PICS: 98% of Cape schools reopen despite confusion over restart date
The SA The Human Rights Commission threatened court action over the province’s decision while protests took place in various areas as parents and communities demanded the Western Cape Education Department (WCED) closed schools in a bid to prevent the spread of Covid-19.
The Bishop Lavis Action Community (Blac) demonstrated with placards and lined up in front of local schools on Monday morning, saying those schools are not ready to reopen.
“Not now, next week or any time soon,” said Blac president Rodney Zeerberg said. He said said children, teachers and support staff were being set up for a disaster with tragic consequences for the entire communities.
The question of personal protective equipment to all, infrastructural deficiencies, safety and security concerns, lack of psychosocial facilities as well as access to technology were uppermost issues contained in their memorandum.
WCED spokesperson Bronagh Hammond said initial reports indicated that over 98% of their schools reopened on Monday.
“Less than 2% did not open as a result of cleaning due to a positive Covid-19 case, protest action which prevented pupils from entering or informed parents that they were not opening.” Hammond said the department would engage with those schools.
Some schools, due to the confusion with the statement by the Basic Education Department did not open, but have been informed to do so today.
“We have received countless reports of orientation taking place, following screening measures on arrival at schools. The WCED would like to thank all our principals and teachers that have prepared for the return of pupils,” Hammond said.
She said it was understood that the department was operating within uncertain and confusing times, however, Hammond said it had remained firm on its position that Western Cape schools open as planned and communicated, and in accordance with the gazette promulgated last week by Motshekga.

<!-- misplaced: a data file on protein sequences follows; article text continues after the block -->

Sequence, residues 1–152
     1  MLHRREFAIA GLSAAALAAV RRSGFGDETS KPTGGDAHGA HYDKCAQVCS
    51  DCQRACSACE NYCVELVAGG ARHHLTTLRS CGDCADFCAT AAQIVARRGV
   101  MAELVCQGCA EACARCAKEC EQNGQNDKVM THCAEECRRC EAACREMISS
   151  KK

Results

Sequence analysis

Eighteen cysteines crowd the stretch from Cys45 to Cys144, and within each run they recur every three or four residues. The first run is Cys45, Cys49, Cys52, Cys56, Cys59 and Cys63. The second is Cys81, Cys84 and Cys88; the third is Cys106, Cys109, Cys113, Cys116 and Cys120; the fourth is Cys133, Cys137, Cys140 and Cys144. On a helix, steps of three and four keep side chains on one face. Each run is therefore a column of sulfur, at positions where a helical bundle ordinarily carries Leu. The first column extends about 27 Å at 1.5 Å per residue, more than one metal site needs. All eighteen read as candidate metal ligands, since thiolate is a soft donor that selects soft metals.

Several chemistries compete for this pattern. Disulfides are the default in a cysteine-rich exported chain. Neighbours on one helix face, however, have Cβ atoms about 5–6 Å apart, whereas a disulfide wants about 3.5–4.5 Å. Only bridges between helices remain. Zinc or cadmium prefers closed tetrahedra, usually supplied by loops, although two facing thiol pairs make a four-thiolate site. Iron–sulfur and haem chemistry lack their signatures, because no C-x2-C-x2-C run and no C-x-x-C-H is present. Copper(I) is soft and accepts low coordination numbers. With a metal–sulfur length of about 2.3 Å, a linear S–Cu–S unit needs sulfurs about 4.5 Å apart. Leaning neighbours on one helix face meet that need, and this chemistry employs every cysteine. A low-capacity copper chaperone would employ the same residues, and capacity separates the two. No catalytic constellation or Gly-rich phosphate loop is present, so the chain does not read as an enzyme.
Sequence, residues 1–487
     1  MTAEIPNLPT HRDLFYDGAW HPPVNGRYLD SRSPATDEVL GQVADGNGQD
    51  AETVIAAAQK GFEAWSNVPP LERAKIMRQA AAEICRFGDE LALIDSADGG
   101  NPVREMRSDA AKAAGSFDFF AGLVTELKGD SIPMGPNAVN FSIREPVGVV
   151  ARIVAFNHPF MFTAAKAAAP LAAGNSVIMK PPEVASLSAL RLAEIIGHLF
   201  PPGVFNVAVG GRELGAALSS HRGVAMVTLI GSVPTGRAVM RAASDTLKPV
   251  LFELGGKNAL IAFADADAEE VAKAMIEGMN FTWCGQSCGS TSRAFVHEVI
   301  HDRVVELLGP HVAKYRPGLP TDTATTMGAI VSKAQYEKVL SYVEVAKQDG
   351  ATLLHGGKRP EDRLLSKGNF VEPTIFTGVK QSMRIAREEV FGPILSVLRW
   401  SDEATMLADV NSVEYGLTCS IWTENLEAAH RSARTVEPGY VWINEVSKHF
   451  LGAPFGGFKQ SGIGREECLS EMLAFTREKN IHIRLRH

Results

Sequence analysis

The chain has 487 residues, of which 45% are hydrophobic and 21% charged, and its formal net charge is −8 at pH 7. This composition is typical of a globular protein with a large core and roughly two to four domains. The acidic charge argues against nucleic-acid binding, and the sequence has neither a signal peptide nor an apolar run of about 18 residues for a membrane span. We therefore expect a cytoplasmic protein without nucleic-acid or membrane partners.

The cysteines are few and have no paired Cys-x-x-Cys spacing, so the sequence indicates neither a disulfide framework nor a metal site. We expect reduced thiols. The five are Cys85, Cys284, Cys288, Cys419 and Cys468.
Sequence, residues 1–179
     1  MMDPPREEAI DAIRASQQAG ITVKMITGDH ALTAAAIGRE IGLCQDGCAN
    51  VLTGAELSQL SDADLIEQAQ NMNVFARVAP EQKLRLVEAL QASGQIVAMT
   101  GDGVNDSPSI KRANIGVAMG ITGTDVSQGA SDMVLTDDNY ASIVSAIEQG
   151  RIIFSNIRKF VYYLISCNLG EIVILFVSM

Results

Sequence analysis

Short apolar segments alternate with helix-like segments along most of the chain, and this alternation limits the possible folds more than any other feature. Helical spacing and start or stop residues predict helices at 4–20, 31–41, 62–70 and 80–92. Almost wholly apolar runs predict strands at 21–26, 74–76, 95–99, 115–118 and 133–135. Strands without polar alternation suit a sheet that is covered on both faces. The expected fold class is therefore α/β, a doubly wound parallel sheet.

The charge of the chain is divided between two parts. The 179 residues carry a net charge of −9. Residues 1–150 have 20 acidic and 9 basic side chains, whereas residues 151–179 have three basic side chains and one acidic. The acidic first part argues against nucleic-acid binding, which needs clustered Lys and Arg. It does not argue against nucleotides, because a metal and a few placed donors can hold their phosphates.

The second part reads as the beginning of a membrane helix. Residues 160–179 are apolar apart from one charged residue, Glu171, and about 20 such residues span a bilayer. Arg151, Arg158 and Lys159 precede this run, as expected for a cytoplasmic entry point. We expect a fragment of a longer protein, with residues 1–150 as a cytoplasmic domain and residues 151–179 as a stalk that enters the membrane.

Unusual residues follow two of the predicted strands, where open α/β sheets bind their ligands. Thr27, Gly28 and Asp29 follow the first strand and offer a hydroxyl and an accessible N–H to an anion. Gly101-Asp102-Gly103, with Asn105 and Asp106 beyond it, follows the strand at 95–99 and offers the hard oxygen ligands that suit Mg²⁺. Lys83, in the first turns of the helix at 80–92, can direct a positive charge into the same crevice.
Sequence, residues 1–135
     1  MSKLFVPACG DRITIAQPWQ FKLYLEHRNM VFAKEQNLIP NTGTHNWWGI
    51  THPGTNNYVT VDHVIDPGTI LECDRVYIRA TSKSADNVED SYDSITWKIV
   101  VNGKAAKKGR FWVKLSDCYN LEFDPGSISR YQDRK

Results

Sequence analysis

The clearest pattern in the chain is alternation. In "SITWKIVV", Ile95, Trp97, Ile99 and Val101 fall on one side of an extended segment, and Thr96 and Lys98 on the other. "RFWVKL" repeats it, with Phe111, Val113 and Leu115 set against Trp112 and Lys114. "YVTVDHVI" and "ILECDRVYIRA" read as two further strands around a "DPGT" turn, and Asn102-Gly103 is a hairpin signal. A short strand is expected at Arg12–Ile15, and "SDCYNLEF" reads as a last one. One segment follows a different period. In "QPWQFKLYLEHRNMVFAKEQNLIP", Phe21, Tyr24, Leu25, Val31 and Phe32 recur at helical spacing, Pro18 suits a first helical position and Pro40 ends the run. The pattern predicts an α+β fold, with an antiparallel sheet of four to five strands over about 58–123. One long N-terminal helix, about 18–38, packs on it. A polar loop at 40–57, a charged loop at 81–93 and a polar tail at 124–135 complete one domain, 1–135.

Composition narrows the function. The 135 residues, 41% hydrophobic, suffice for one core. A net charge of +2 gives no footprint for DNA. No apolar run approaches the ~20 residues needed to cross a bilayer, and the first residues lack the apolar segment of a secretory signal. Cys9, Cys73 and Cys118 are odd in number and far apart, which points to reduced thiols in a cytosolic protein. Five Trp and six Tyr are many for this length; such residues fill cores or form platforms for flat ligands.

“Should a parent not wish to send their child to school - that is their decision. However, no one can prevent or deny other Grade 7 and 12 learners from going back to school. It is their right to do so,” she said.
Motshekga briefed the public about the plans to reopen schools on June 8, and why there had been yet another last-minute delay in those plans.
She apologised to the South African public after days of confusion about the reopening of schools, where previously she announced that Grade 7 and 12 pupils would start schooling on Monday.
She explained that the decision to postpone the reopening of schools was taken after consultation with stakeholders and unions indicated that schools across the country were on various levels of readiness.
SA Democratic Teachers’ Union (Sadtu) general secretary, Mugwena Maluleke said that the date of the June 8 was never mentioned in their meeting because the focus was readying the system and ensuring that all the provinces comply with the twelve non-negotiables.
Maluleke said the astounding confusion caused by the statement must be condemned because Basic Education was obsessed with dates and ignoring the evidence of provincial readiness.
“The lack of appreciation for evidence can only be characterized as irresponsible and negligent.”
National Teachers’ Organisation of SA (Naptosa) executive director Basil Manuel said schools across the country must prioritise the training of the teachers on the amended curriculum and allow the teachers and the professional autonomy to help the pupils and when they finally return to schools.
“Where the schools have not complied with the health and safety regulations, please be advise not to report for duty until there is compliance. This is also published in the regulations by the Minister,” Manuel said.@SISONKE_MD